Skip to Main Content

If health care and medical research charities have been hitting you up for donations this holiday season, it might have something to do with your taste in wine.

Or where you buy your clothing. Or which magazines you read. Or how you spend your weekends.

It’s part of a years-old push by nonprofits like the American Cancer Society or the Parkinson’s Disease Foundation to better target their solicitation drives by renting out thousands of names of people they suspect might make good donors.

advertisement

Wealthy donors aren’t always the most responsive. In fact, it’s age (the older the better) that typically makes for a promising target, said Donna Belardi, president of the marketing firm Belardi Ostroy, which works with both nonprofit charities and the companies that sometimes rent out or exchange each other’s customer or donor lists.

Some marketing firms post information online about where nonprofits are focusing their solicitation firepower. These reports and databases don’t tell us when or how often a nonprofit has rented out a list, or what it ultimately did with those names. But they do paint a fascinating portrait of where all sorts of charities, including disease foundations, are going fishing for donations.

advertisement

Here are some of their most intriguing targets:

Women’s clothing store shoppers

Your new turtlenecks and yoga pants might help explain those solicitations you’ve been receiving. The American Cancer Society and the Leukemia & Lymphoma Society each has rented out lists of J.Crew shoppers a “highly responsive” bunch, according to a February 2015 report published by Belardi Ostroy. The Susan G. Komen Breast Cancer Foundation has set its sights on shoppers at the women’s apparel retailer Talbots.

And the Crohns & Colitis Foundation of America targeted shoppers at retailer Athleta, which specializes in women’s fitness apparel. That solicitation drive was for a fitness fundraiser, according to foundation spokeswoman Erin Stoeber.

Art museum-goers

They’re predominantly female, middle-aged, well-educated, and well-off. And they’re of interest to the Parkinson’s Disease Foundation, which has targeted members of the National Museum of Women in Arts, based in Washington D.C.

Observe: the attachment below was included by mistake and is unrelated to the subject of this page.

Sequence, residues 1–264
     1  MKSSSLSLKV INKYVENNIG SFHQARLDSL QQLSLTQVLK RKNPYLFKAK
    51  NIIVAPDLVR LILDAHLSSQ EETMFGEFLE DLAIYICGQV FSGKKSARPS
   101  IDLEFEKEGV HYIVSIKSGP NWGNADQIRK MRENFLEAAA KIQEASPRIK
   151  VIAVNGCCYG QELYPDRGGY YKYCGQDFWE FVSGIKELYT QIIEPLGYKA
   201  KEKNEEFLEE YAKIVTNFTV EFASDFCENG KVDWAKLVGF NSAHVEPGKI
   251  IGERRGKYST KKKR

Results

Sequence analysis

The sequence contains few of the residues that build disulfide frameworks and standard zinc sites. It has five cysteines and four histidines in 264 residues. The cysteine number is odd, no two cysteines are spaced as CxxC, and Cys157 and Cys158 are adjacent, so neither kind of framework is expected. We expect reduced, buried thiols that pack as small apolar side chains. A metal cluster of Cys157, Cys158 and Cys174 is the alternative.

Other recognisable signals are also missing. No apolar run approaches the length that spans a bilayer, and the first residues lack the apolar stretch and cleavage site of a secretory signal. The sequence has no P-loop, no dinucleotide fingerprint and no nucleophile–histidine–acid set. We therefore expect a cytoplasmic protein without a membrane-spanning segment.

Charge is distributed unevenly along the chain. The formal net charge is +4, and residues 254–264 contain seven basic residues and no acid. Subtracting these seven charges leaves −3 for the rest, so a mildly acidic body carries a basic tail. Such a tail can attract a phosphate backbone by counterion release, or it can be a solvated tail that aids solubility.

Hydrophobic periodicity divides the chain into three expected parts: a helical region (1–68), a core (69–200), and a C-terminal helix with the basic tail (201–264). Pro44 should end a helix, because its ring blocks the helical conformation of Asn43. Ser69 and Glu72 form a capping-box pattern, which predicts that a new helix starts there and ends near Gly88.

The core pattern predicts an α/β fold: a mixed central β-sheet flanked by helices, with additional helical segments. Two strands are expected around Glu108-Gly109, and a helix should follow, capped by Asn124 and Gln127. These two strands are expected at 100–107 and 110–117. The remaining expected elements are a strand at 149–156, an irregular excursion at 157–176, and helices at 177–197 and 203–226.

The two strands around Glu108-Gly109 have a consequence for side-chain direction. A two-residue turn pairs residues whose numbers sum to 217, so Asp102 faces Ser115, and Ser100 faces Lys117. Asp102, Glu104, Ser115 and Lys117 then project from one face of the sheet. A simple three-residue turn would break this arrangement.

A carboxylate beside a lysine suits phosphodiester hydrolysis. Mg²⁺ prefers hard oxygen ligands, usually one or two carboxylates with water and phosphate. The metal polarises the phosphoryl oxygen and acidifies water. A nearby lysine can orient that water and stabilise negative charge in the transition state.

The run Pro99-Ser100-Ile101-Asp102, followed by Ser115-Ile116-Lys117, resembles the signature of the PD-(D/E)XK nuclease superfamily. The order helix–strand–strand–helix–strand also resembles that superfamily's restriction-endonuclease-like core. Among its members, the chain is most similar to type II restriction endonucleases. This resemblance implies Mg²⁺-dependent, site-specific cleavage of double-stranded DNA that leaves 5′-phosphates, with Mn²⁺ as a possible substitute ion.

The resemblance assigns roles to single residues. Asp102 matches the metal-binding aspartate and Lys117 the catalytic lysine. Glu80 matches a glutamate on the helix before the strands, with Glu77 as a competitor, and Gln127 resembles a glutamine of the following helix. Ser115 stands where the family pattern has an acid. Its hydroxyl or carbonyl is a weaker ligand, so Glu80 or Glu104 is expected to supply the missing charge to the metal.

Runners, hikers, and bikers

If you like the outdoors, you’re a promising target for several health-related charities. The Muscular Dystrophy Association has rented out names of Runner’s World subscribers. The Leukemia & Lymphoma Society took an interest in Bicycling Magazine subscribers. And the American Heart Association has targeted members of the Nature Conservancy, an environmental group.

Wine drinkers

Here’s an intriguing one: the Susan G. Komen Breast Cancer Foundation has targeted subscribers to the Wine Enthusiast catalog, according to marketing material reviewed last week which described the subscribers as people who “seek the finer things in life.”

Highbrow magazine readers

If you’re engaged and informed, you might be more likely to open your wallet to support the fight against devastating conditions. That’s why the Alzheimer’s Association targeted those who read the news magazine The Week. The Heart & Stroke Foundation of Canada has rented out names of the “community-minded” subscribers to the science magazine Discover. And the American Cancer Society set its sights on subscribers to Smithsonian, a science and culture magazine put out by the Smithsonian Institution. Why those readers? A marketing blurb about the magazine boasts that it draws “educated, affluent customers with a thirst for knowledge and a passion for life.”